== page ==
During his first term at university studying architecture and urbanism in São Paulo, Brazilian graphic designer Gabriel Finotti stumbled upon two books in the library which entirely changed his creative career path: Grid Systems by Joseph Müller-Brockmann and S,M,L,XL by Bruce Mau and Rem Koolhaas. “I was fascinated with the fact that putting typography and images together and organising data was actually a job, a profession, graphic design,” he recalls.
In 2011, Gabriel started a blog called Sometimes Always. The “sometimes” referred to how, every now and then, he would host things in the real world, like zine launches or parties. But it would “always” be an online blog. After graduating from an MA in publishing at London College of Communication and working at Thames & Hudson for a few years, Gabriel moved back to São Paulo and initiated Sometimes Always as a fully-fledged design studio. Today, the studio very much sits in between the worlds of graphic design, music and architecture working across art direction, branding, web, editorial and environmental design in both São Paulo and Berlin.
“We are a holistic graphic design studio and we are not specialised in anything, to be honest,” Gabriel explains. “Our first two years we were working mostly for fashion brands. We were doing art direction for campaigns, catalogues, lookbooks,” he continues. “But for the past two years, the majority of projects we’ve done are branding and visual identities for all sorts of companies.”
This variety is also represented in the aesthetics of Sometimes Always’ projects, which are as multifarious as its outputs. “I wish we had a [signature visual language], for real,” says Gabriel. “I love artists that you can tell something is their work just by looking at a little part, or just by hearing a little verse… [But] we try to think of every project as a story in its own, demanding a particular approach, a particular idea.” However, he has noticed that “we almost always use a 12 column grid,” alongside full compositions, with little to no white space.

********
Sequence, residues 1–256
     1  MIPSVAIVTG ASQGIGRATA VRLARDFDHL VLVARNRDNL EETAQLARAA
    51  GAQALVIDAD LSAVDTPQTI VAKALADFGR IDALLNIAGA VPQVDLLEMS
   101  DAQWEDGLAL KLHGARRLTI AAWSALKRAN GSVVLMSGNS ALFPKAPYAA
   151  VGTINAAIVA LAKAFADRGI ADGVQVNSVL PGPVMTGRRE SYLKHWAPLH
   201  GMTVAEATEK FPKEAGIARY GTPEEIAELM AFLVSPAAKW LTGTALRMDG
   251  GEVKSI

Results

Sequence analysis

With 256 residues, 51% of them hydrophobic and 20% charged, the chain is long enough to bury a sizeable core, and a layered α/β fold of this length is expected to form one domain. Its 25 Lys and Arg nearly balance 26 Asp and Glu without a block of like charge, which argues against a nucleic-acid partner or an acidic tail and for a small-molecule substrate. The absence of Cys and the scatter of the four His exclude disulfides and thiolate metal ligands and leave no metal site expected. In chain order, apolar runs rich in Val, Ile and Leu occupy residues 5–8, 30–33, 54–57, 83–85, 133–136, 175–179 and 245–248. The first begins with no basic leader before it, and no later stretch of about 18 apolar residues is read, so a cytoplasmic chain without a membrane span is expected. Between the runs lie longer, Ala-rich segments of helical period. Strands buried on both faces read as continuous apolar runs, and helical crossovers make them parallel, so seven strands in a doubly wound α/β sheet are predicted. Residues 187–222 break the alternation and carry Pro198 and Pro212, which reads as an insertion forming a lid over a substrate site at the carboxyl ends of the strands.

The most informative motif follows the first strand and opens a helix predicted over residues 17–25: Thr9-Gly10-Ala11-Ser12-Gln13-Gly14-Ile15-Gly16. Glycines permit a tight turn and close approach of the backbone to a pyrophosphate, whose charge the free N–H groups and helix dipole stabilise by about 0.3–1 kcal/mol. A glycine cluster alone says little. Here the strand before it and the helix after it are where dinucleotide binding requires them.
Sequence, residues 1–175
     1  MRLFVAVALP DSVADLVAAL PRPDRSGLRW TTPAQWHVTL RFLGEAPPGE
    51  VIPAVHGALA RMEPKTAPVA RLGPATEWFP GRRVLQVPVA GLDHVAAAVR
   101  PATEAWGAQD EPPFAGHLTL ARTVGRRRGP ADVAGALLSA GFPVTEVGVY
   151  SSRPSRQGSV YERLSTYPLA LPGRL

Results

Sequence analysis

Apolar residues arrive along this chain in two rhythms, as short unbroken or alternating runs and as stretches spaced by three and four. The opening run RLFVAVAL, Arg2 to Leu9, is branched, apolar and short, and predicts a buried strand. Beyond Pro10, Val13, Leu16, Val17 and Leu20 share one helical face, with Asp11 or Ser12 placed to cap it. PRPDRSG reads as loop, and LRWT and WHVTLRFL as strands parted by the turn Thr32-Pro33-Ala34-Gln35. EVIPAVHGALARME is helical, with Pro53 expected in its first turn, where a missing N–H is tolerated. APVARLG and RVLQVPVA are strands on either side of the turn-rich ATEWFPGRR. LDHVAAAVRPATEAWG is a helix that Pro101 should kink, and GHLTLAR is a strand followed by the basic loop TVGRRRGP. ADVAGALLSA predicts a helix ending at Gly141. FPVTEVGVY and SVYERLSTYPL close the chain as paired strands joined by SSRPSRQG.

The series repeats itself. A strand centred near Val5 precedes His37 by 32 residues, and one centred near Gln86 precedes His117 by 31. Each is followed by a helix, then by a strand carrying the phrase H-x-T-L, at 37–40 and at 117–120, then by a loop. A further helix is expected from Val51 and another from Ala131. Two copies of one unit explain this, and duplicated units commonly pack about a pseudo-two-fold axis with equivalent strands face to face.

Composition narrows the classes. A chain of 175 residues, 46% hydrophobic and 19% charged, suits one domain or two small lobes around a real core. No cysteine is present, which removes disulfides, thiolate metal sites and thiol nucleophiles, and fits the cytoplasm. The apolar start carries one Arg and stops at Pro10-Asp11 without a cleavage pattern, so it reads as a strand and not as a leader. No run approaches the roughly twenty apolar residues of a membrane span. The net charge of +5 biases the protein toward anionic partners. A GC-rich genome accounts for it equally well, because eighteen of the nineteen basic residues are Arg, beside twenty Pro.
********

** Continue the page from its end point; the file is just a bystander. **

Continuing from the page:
A personal favourite project of Gabriel’s which most certainly proves his point about white space is an identity designed for a bar called Caracol. A simple and bold visual solution, it references modernist Brazilian designers including Rogério Duarte and Alex Wöllner, and uses technology to create generative compositions.
Caracol has a different DJ playing five days a week and so wanted a way to communicate this dynamic programme that was still “attractive”. Gabriel explains how he approached solving this problem: “Starting from scratch, we first took the basic form of the caracol (snail in Portuguese) and reduced it to its minimum: a circle. Then, we created four different types of circles. A palette of nine different colours was chosen and applied to the circles. Finally, we designed seven different possibilities of layout. All these parameters combined led to an impressive number of more than 10 billion different compositions which is obviously impossible to do by any sane human. That being so, we invited the genius Bloco Studio to help us with a practical solution. Bloco came up with an application that randomly generates the compositions within the determined parameters. All the user has to do is hit space for a new composition, and then enter to export it.”
Undefinably affable, it’s identity you can’t help but enjoy. By combining a contemporary typeface with such a bold, graphic colour way and system of shapes, what Gabriel has produced is work which is cool, but not too cool. It perfectly toes the line; it’s intriguing and slick but still retains a sense of fun.
About the Author
Ruby joined the It’s Nice That team as an editorial assistant in September 2017 after graduating from the Graphic Communication Design course at Central Saint Martins. In April 2018, she became a staff writer and in August 2019, she was made associate editor. Get in contact with Ruby about ideas you may have for long-form stories on the site.